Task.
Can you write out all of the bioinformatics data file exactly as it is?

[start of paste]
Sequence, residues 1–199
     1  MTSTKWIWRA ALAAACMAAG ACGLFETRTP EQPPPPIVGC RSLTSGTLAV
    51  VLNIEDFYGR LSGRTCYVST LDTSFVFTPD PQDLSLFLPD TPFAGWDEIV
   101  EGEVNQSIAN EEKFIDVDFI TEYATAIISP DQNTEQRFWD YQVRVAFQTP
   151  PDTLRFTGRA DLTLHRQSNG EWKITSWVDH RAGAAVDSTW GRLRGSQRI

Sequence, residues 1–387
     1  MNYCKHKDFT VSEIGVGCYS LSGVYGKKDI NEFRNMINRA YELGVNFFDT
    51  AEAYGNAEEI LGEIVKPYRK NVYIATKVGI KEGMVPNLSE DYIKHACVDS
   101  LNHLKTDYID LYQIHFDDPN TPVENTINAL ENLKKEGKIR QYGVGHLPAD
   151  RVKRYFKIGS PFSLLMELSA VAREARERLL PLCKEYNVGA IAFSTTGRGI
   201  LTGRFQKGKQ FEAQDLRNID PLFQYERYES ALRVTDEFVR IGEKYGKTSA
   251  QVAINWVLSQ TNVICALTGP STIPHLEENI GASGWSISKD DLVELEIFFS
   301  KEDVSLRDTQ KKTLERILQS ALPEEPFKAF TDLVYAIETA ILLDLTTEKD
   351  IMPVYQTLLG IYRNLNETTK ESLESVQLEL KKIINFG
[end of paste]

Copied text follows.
Sequence, residues 1–199
     1  MTSTKWIWRA ALAAACMAAG ACGLFETRTP EQPPPPIVGC RSLTSGTLAV
    51  VLNIEDFYGR LSGRTCYVST LDTSFVFTPD PQDLSLFLPD TPFAGWDEIV
   101  EGEVNQSIAN EEKFIDVDFI TEYATAIISP DQNTEQRFWD YQVRVAFQTP
   151  PDTLRFTGRA DLTLHRQSNG EWKITSWVDH RAGAAVDSTW GRLRGSQRI

Sequence, residues 1–387
     1  MNYCKHKDFT VSEIGVGCYS LSGVYGKKDI NEFRNMINRA YELGVNFFDT
    51  AEAYGNAEEI LGEIVKPYRK NVYIATKVGI KEGMVPNLSE DYIKHACVDS
   101  LNHLKTDYID LYQIHFDDPN TPVENTINAL ENLKKEGKIR QYGVGHLPAD
   151  RVKRYFKIGS PFSLLMELSA VAREARERLL PLCKEYNVGA IAFSTTGRGI
   201  LTGRFQKGKQ FEAQDLRNID PLFQYERYES ALRVTDEFVR IGEKYGKTSA
   251  QVAINWVLSQ TNVICALTGP STIPHLEENI GASGWSISKD DLVELEIFFS
   301  KEDVSLRDTQ KKTLERILQS ALPEEPFKAF TDLVYAIETA ILLDLTTEKD
   351  IMPVYQTLLG IYRNLNETTK ESLESVQLEL KKIINFG